- Senate introduced bill SB 4172, entitled the Holding Foreign Insiders Accountable Act.
- Legislation amends SEA to address disclosures by executives of foreign private issuers.
- Currently, executives of US publicly-traded companies must disclose any trades they make of their own company’s stocks to the SEC within two business days of the trade.
- Executives of foreign firms, however, are not required to make such timely disclosures.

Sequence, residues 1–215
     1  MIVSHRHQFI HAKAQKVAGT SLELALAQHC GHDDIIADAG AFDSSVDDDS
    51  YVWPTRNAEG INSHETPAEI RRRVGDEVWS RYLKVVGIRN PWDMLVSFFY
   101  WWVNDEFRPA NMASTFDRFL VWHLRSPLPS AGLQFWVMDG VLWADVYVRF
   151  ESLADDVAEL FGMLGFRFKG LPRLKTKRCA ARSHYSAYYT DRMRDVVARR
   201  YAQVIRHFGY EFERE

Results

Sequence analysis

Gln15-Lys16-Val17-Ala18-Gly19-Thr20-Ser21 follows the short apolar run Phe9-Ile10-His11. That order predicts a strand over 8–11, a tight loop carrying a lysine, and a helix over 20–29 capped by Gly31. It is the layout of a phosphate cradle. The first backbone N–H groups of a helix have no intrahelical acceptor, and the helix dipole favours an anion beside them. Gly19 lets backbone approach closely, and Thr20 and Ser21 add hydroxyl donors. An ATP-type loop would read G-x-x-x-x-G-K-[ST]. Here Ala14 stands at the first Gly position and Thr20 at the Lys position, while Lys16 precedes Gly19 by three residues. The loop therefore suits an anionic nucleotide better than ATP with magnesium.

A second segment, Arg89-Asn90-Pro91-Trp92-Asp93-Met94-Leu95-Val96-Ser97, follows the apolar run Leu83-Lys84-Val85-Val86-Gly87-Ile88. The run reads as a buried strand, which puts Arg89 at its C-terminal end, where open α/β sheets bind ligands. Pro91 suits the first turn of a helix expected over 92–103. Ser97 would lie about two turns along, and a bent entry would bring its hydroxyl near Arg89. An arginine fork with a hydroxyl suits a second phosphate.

- Foreign executives must only paper-file the disclosures to SEC long after trades made.
- This lag means that foreign executives can keep trades private for a longer period of time, which promotes insider trading at the expense of everyday American investors.
- Amendments would hold executives of foreign firms traded on US stock exchanges to the same disclosure requirements that executives of US-based companies follow.
- Specifically, amend SEA Sec 16 (a) (15 USC 78p(a)(1)) to require executives of foreign firms to make electronic disclosures of trades in firm's stocks within two business days.
- On 3 May 2022, Senate bill S 4172 was introduced in the Senate.